- The Remix AgeExhibition as Archive
At a time when online access to the origins and artifacts of the audiovisual past has become simpler than ever, these rediscovered traces have become increasingly numerous and popular on the screen. Think of Michel Hazanavicius’s L’Artiste (The Artist, 2011), a pastiche of Hollywood film history from the 1910s to the 1940s; Gus Van Sant’s Restless (2011), a subtle homage to the French New Wave; and Martin Scorsese’s Hugo (2011), a childlike compendium dedicated to the memory of Georges Méliès. These box-office hits, to name just three, provide evidence, if any more were needed, of the strength of a “heritage” aesthetic. Naturally, this is not unconnected with a discourse, in the broad sense, surrounding the archive. These narrative fiction films clearly are not direct outlets to the past, nor are they source documents, nor do they re-create the past. They do, however, provoke the difficult question, who can lay claim to re-creating the past?
Film restorers are facing head-on the possibility and desirability of creating archival “time machines.” Consider the complaints about the recent restoration of Le Voyage dans la lune (A Trip to the Moon, Georges Méliès, 1902).1 On one hand, many in the academic and archival communities felt that the restoration of a color version of A Trip to the Moon met few acceptable philological criteria. On the other hand, it succeeded in meeting the criteria of mass communication—screenings of this film are still very popular. The color version premiered at the Cannes Film Festival in May 2011. The nitrate color print, long considered lost, had been found in 1993 by a Barcelona collector, who donated it to the Filmoteca de Catalunya, which then traded it to Lobster Films. Two additional black-and-white prints belonging to the Méliès family and to the Centre national du cinéma et de l’image animée (CNC) were used in the restoration. The digitizing of these two films was done at the Archives françaises du film. Questions were raised as to whether the digitally applied color scheme derived from the Barcelona original was appropriate and authentic for converting the existing footage to color.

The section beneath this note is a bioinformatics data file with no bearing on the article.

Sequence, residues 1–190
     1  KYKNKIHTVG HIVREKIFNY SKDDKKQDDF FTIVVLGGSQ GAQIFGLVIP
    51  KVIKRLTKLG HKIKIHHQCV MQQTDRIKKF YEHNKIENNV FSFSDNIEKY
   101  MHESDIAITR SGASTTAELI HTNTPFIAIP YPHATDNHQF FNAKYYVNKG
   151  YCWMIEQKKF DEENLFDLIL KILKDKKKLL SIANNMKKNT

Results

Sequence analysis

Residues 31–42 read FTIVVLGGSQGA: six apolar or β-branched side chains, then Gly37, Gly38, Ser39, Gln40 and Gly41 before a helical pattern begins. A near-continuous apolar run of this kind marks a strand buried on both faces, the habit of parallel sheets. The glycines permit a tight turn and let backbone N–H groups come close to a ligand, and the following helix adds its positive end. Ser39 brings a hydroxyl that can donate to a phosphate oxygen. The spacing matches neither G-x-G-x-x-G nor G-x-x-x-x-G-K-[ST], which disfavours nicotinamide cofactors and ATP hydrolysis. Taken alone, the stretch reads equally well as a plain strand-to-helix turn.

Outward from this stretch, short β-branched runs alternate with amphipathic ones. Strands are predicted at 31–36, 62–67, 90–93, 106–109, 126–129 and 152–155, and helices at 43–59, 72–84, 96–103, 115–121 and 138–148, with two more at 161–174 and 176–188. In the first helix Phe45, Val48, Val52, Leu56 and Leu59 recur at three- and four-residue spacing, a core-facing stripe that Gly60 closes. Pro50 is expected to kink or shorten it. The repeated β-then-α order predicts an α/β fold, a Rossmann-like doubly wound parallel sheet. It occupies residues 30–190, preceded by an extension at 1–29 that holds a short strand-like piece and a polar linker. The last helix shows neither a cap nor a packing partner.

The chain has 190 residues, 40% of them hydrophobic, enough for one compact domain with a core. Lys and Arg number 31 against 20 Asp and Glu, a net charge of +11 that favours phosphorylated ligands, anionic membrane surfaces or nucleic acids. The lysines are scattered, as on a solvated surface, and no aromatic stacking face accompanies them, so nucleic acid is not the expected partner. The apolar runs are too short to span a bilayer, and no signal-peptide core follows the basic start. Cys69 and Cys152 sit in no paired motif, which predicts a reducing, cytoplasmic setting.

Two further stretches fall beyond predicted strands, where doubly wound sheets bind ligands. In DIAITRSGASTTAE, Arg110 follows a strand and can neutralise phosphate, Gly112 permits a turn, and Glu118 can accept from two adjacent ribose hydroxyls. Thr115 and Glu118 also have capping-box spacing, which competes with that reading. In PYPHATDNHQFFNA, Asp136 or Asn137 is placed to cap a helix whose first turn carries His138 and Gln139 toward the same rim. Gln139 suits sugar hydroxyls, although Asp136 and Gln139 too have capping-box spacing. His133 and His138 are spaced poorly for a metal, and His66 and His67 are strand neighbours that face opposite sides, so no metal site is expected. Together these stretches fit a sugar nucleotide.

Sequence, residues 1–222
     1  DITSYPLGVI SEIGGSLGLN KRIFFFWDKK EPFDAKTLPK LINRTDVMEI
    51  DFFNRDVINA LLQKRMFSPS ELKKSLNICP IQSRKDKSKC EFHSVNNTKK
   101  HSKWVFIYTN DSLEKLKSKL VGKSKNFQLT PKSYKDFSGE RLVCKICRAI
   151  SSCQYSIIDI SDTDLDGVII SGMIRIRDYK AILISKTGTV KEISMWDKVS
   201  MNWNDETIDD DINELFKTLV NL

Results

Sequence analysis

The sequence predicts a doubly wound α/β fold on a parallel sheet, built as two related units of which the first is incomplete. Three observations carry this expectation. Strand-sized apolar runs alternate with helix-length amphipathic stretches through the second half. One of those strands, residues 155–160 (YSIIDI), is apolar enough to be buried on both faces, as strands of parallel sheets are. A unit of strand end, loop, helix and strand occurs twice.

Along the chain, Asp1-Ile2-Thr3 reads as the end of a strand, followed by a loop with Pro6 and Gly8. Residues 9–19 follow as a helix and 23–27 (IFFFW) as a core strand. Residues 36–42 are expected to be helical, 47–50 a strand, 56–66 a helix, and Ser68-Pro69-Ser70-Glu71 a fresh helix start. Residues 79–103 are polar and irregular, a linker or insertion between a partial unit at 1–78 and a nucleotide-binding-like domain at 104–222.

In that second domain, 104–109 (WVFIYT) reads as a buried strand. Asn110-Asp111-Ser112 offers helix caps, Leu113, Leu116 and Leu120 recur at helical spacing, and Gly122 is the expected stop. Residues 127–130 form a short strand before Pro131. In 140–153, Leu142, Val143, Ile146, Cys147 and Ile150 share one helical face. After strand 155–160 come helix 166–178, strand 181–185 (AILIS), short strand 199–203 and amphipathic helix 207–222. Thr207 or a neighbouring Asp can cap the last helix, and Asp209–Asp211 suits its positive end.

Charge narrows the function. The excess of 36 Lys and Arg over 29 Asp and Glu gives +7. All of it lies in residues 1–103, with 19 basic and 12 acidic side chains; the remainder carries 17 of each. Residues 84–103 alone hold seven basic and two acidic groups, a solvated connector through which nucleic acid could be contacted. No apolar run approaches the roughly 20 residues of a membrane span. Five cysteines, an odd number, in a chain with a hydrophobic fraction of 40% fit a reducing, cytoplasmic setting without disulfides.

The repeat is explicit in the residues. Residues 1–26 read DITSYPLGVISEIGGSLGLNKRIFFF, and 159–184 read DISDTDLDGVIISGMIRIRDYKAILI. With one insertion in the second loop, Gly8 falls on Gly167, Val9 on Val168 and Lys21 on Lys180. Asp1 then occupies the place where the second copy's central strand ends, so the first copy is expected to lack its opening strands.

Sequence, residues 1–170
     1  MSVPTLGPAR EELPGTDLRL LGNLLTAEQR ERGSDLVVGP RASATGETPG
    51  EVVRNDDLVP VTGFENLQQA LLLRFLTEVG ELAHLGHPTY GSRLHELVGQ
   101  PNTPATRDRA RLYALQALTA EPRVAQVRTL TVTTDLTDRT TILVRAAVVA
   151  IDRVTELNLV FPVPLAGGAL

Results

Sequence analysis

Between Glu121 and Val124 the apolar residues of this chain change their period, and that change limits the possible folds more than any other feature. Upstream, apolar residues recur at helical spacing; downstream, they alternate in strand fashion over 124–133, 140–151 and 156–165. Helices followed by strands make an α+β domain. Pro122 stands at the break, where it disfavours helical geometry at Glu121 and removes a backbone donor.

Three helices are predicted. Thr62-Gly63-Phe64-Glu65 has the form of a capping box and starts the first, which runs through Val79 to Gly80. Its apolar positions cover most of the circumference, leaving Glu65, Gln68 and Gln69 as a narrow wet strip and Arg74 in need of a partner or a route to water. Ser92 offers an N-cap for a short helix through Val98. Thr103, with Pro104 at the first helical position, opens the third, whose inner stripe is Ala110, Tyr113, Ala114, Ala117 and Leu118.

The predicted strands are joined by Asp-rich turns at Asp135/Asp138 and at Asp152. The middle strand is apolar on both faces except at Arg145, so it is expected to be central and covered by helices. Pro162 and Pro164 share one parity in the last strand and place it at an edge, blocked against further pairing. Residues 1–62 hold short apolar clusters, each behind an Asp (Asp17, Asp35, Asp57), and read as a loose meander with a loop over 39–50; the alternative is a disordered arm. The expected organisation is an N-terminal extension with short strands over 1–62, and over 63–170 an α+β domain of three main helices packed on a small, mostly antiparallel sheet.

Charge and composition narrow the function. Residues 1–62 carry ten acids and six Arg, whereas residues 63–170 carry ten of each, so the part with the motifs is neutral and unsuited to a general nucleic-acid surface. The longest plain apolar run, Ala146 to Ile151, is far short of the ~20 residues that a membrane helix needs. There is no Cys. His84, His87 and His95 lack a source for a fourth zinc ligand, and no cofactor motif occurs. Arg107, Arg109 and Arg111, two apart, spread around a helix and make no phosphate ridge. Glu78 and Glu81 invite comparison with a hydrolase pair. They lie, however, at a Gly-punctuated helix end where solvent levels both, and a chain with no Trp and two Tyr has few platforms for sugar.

Then there is the version of C’era una volta in America (Once upon a Time in America, Sergio Leone, 1984) presented at the 2012 Cinema Ritrovato festival in Bologna. Did lengthening it by twenty minutes to make it “the way it should have been” create a kind of UFO? If no one saw it like this in the primordial past, but someone is trying to make it now appear before our eyes, is it not an invention of our present time? As I said, there are no time machines to bring back the past, or magic wands. Rather, there are many paths, which, when taken in a fittingly disordered manner, will satisfy anyone wishing to hear the archive “speak.” In short, these examples that assemble pieces of the past by different and incomplete approaches to their original film objects nourish the cults of restoration and exhibition as means of diffusion.
Classical theories of film restoration, following the conventions set out, for example, in Cesare Brandi’s book on restoration and conservation of monuments, Teoria del restauro (1963), drew on concepts that remain pervasive even in today’s digital era: every intervention on a past object should be reversible [End Page 72] and documented. I would add that it should also provide an aesthetic experience. In exhibition theory, this is conveyed by two trends: the exhibition of objects and the exhibition of knowledge.2 The former refers to exhibitions that, by putting on view objects from the past, take them out of their context and offer them up in all their otherness. The latter refers to discursive paths made available by reading the past. There are audiovisual objects that balance these two tendencies, offer interesting avenues, and communicate certain dimensions of the past by working on the archive and turning it into an exhibition. In the following pages, we will see how constructing two new works out...